From gravel field debut to most capped Kumul: Martin proud of PNG legacy

Rhyse Martin (Photo: NRL)

Rhyse Martin expressed pride in the development of the game in Papua New Guinea as he prepares to become the most capped Kumuls player in Sunday’s Pacific Bowl final against Fiji at Santos National Football Stadium.

Martin’s 17th Test will eclipse the 16 international appearances for the Kumuls by Paul Aiton and John Wilshere, who are members of the current PNG coaching staff, and the legendary Stanley Gene.

It has taken 10 seasons for Martin to achieve the record but with the introduction of the Pacific Championships at the end of each season the Kumuls are now set to play more regularly.

“I’ve been playing for the Kumuls since 2014, but we’ve only probably had one Test a year for five or six of those years, so it’s a pretty special moment,” Martin said.

“For me, it’s a good personal achievement, but I’m just happy that I’m still capable to play and make this team, so I’m just proud of that.”

The former Bulldogs second-rower, who now plays for Leeds, was the only overseas-based player in the PNG team when he made his debut under Mal Meninga against Tonga at Lae.

Of the team selected to play the Bati on Sunday, only five don’t have NRL or Super League contracts but they play in Queensland Cup, while Storm stars Justin Olam and Xavier Coates are unavailable due to injury.

With PNG Hunters joining the Queensland Cup in 2014 and the possibility of a Papua New Guinea side becoming the NRL’s 18th team, the Kumuls are only expected to get stronger.

“The first time I came in and played for the Kumuls in 2014 we played Tonga up in Lae, and that was an experience I remember to this day,” Martin said.

“They didn’t have grass down the middle of the field, it was gravel.

“They didn’t have grass down the middle of the field, it was gravel. Everyone was just running to the sidelines because that’s where the grass was.

“It was a very special game for me. I was the one overseas player in that game, but fast forward to now, it is just a proud moment to see where the Kumuls were – and where we are now.”

Martin, who qualifies for PNG through his late father Steve, paid tribute to Aiton – the former Panthers and Sharks hooker, whom he played alongside at the 2017 World Cup – as well as Wilshere and Gene.

Wilshere, who played for the Western Reds, Melbourne Storm and St George Illawarra Dragons before finishing his career in Super League, was a regular member of the Kumuls team from 2000 until 2009.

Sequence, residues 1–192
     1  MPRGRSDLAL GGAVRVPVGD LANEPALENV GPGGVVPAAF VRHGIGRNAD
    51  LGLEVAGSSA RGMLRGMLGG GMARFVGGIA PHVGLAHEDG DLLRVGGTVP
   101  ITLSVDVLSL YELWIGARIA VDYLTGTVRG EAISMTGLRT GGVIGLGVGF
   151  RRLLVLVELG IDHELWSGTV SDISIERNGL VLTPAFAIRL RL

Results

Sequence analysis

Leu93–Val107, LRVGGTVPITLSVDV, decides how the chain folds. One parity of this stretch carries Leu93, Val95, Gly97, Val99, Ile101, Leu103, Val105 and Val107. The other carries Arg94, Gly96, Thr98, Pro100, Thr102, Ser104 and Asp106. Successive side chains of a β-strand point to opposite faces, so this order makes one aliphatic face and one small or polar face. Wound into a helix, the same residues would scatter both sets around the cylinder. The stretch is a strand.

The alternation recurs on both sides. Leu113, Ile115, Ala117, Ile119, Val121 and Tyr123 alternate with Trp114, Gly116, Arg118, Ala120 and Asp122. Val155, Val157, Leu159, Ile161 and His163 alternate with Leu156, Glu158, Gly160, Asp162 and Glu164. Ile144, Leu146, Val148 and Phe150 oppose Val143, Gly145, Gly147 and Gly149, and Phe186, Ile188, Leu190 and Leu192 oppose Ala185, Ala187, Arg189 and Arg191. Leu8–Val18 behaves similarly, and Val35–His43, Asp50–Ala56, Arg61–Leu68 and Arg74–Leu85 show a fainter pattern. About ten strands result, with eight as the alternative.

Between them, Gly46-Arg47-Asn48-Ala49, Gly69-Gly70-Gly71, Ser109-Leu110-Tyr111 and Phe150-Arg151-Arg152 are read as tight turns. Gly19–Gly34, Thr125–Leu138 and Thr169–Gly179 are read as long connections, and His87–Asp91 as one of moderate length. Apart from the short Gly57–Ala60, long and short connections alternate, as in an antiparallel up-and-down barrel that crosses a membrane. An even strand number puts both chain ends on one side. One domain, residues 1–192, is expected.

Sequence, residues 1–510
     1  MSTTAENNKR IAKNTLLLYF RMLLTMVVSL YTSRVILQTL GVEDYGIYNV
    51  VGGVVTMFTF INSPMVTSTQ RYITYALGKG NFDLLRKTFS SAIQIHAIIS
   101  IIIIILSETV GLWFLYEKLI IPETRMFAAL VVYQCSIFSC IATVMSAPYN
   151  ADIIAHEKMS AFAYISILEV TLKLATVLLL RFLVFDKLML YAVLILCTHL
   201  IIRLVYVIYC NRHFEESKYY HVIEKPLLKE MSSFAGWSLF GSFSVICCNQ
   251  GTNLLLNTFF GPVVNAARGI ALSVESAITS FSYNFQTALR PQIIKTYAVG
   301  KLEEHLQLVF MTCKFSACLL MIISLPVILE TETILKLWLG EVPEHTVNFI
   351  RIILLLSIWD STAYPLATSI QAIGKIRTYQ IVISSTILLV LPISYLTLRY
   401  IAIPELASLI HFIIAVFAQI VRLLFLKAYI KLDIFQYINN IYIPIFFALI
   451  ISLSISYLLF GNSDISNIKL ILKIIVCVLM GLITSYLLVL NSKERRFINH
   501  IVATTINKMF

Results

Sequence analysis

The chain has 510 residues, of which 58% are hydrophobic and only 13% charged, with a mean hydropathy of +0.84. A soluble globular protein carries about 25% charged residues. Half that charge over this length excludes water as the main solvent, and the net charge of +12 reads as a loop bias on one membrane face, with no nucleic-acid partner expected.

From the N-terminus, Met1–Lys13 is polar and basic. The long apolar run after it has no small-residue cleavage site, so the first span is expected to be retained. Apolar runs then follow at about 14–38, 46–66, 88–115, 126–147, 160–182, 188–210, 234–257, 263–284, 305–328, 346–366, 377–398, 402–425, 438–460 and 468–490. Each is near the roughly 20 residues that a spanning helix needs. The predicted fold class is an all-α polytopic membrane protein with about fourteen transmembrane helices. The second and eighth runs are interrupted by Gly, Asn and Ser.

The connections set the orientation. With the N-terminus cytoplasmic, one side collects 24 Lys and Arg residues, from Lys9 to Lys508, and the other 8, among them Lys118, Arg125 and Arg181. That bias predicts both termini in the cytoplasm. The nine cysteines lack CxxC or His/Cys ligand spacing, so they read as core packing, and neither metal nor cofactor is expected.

“It’s great to have Paul and John still as part of the Kumuls team,” Martin said. “The experience that they have and the platform that they put down for us to get to where we are, I have a lot of respect for those guys.

“I got to play with Paul, and I said to John the other day that it would have been nice to get a game alongside him too, so it’s great to have them here with the squad

“I am very grateful for what he is continuing to do for the Kumuls team, what he is putting into the squad, and how much respect the boys have for him, and what he’s done in the past.”

Gene is a legend of the game in both Papua New Guinea and England, where he played 205 matches for Hull KR, Hull FC, Huddersfield and Bradford, as well as 16 Tests for the Kumuls.

“I run into him occasionally in England as he is working at Hull FC now, so I see him during the year,” Martin said.

“He’s one of those guys who probably should have played a lot more Tests than he did because he was around for a long time.

“He’s a massive Kumuls legend, I remember hearing his name from day one.”

Like Aiton, Gene and Wilshere, Martin has had the honour of captaining the Kumuls, while the 29-year-old is also PNG’s greatest Test point-scorer and goalkicker.

“I am really proud of Rhyse, and I think it is really good that he is going to break the record,” Aiton said.

“For him to have had the opportunity to wear the Kumuls jersey so many times is a great thing for him and for the fans because it means that there is more international footy.

“Rhyse brings a lot to this team with his experience in the NRL and Super League, and his leadership. “He is serious when he needs to be, but he can also be light-hearted when he wants to be, so he is a really good leader and deserving of this record.”